All that began to change when Sweeney hit town for good.
The first call went to Kelly Hayes, who serves as a USA Hockey representative for Oregon.
“I said, ‘I’d like to start a team in Portland.’” Sweeney said. “‘Was there something already going?’
“She said, ‘No. We [USA Hockey] have had the clinics in Portland before, but nothing really came of it because we didn’t have anybody driving it.’”
The next stop on his call list were the Winterhawks, a perennial major junior hockey power, whose reach into the Portland grassroots extends into youth and high school hockey.
Sled hockey hadn’t previously been part of the Hawks’ mission, but after hearing what Sweeney had to say, they quickly jumped aboard.
“As soon as I told them I was looking to start the program, they were super excited,” he said. “They definitely wanted to be a part of it and [said] that they were ready to support in any way they could.”
And the Hawks had plenty of support to lend.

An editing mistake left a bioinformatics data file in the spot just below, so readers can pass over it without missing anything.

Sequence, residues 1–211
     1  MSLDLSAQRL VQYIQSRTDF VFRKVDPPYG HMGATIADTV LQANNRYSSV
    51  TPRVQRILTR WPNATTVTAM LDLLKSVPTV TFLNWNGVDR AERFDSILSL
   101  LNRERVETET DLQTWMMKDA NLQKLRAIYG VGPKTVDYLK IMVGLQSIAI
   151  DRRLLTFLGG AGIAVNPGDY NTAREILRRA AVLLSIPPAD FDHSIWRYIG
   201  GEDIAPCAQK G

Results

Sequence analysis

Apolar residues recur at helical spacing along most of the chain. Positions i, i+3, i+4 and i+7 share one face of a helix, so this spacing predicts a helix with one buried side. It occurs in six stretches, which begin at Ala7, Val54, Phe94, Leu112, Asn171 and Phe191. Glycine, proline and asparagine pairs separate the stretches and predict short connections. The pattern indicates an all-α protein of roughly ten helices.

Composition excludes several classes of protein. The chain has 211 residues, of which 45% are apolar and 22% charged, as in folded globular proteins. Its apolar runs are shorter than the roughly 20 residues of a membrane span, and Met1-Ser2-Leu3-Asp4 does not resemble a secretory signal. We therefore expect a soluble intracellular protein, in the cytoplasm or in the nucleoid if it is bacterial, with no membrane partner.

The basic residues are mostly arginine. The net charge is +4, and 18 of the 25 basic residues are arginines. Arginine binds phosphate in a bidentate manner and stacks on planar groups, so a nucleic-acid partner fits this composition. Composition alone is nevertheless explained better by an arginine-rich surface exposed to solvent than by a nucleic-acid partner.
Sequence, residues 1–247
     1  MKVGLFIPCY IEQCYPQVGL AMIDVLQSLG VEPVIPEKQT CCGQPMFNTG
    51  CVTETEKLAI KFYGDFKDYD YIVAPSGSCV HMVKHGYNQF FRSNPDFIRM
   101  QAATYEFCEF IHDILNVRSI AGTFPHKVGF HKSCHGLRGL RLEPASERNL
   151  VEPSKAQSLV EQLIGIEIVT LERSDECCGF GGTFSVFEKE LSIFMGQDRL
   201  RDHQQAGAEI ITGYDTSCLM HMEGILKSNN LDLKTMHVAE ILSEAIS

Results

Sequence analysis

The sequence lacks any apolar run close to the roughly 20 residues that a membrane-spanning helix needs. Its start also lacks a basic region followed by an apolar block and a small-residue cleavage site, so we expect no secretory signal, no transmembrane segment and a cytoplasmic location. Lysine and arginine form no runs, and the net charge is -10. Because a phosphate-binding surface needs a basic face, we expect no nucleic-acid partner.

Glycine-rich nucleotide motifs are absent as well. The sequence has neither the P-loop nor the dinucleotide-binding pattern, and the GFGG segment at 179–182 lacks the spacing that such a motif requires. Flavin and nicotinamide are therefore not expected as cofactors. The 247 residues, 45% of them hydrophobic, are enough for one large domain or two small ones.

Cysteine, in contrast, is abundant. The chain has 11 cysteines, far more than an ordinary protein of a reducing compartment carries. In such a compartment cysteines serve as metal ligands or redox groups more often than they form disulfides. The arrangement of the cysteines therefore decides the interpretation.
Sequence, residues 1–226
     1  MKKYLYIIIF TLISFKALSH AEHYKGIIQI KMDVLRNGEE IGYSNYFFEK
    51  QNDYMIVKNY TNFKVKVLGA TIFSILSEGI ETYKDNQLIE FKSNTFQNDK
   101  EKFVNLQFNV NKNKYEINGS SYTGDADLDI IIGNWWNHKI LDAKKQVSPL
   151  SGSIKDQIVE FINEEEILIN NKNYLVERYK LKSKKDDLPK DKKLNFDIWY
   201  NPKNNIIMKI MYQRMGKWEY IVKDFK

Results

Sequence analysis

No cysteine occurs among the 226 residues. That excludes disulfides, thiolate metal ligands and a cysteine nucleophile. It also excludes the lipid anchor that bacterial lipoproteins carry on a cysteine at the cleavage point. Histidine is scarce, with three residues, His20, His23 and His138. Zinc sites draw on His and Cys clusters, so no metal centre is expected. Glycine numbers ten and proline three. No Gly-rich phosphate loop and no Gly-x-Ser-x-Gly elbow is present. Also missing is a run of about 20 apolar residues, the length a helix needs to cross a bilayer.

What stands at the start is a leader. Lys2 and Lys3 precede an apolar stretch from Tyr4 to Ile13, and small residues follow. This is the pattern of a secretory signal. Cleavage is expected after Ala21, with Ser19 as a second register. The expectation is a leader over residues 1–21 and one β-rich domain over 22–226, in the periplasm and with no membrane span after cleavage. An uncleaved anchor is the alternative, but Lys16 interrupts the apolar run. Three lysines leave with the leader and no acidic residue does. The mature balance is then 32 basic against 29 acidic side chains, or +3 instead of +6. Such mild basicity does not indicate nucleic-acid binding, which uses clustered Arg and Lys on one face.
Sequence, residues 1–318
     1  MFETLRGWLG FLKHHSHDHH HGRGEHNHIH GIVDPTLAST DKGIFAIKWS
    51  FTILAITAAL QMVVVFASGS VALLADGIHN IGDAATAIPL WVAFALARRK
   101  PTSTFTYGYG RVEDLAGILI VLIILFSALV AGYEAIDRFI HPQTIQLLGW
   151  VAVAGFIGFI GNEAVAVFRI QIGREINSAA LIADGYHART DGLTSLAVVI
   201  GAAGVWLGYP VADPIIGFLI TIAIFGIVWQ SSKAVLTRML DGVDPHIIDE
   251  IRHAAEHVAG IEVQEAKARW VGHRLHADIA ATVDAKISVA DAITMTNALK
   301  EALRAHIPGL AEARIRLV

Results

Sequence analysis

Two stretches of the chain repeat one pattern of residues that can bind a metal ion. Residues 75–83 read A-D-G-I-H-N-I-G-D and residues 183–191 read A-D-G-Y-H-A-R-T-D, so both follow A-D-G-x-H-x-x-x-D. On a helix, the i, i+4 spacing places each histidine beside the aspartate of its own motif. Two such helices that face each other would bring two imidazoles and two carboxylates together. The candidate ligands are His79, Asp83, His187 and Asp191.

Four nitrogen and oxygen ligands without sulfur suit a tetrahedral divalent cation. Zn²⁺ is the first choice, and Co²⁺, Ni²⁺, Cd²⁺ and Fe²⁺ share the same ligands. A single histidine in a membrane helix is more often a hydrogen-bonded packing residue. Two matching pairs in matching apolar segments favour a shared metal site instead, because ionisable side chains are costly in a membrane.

“They added sled hockey as a section under their already established non-profit corporation [WAHA, as in Winterhawks Amateur Hockey Association],” Sweeney said. “That was huge. They had the facilities. They had the name.”
And they had the ability to cut through all that nettlesome legal red tape, the sort that can choke the life out of any worthy endeavor.
Thus the WAHA Sled Hockey Team was officially born.
“I told them I don’t know anything about anything,” Sweeney said, “but I know sled hockey. It was a huge weight off my shoulders, knowing they had that covered. I was just able to focus on [hockey].”